Learnability in a parametric world
Workshop hosted by Romance Turn IX

With the advent of the Generative Grammar, the study of human language has focused on two central problems. On the one hand, the so-called language acquisition problem: although the linguistic input is limited and fragmented, the development of a child’s language occurs rapidly and systematic. On the other hand, the linguistic variation problem: while it is true that natural languages vary, it is also true that they do not vary in an unlimited way. In this sense, there must be certain constraints on variation (and consequently on change) that are induced by UG?

During Government-Binding times UG is specified for general principles shared by all languages, of which some are open to parametric variation (Chomsky 1981). Grammatical differences between languages are thus the outcome of the interaction of a finite number of ‘parameters’ encoded in UG (Baker 2001). Accordingly, language acquisition is explained by the exposition of a language learner to the linguistic environment, which contains enough data to set the parameters of UG in one way or another.

However, the vast number of parameters that have been attributed to UG during the GB era has increased the structural complexity of UG itself. This overspecification has consequently been subject to severe criticism during the last years (Newmeyer 2004, 2005; Boeckx 2011, 2014). Minimalist constraints and current evolutionary assumptions force us to rethink the concept of parameters and to see the content of UG as a minimized system (Boeckx 2006). Complexity in these terms is transferred to or seen as a consequence of general cognitive skills, the so-called third factor (Chomsky 2005). In this context, and focusing on third factors as an indispensable means of attaining explanatory adequacy, “learnability” seems to play a central role. However, until today, there seems to be no adequate explanation for learnability as a third factor and its effects on language acquisition, language variation and language change as a whole. For instance, it seems that current acquisition approaches that use learnability as a ‘third factor’ continue to use the classical concept of parameters in order to account for their data (Fodor 2017). The problematic tension between parametric theory and minimalist approaches has not yet been solved. In terms of the challenges that emerge from current theoretical proposals, the question remains what the components of learnability are? What role does learnability play in the interaction between acquisition, change and parametric variation?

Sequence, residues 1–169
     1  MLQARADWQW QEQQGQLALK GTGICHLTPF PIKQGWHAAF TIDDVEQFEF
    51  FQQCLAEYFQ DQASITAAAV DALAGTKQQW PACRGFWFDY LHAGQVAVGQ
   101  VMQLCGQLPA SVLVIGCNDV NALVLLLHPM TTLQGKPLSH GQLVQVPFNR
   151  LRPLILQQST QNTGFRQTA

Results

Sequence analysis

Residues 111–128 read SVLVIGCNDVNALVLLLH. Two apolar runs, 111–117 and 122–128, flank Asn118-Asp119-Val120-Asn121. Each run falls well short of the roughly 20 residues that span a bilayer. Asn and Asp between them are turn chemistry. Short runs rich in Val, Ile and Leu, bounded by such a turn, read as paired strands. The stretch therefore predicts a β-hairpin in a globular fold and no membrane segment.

We welcome papers for oral presentation on different aspects of learnability:

  •  What is the state of the art concerning learnability in language acquisition and parametric theory?
  •  What are the essential components of learnability? E.g. algorithmic  mechanisms, parsing, parametric space, etc. How are these components connected to computational efficiency? Does the child “learn” the grammar, as  it learns the lexicon?
  • How does learnability constrain language change and language variation? Are there limits to variation?

  • Are language-specific cognitive mechanisms necessary? What does “third factor” mean for a learnability theory?

 

Invited speaker: Charles Yang (University of Pennsylvania)

 

Organized by Susann Fischer, Mario Navarro and Jorge Vega Vilanova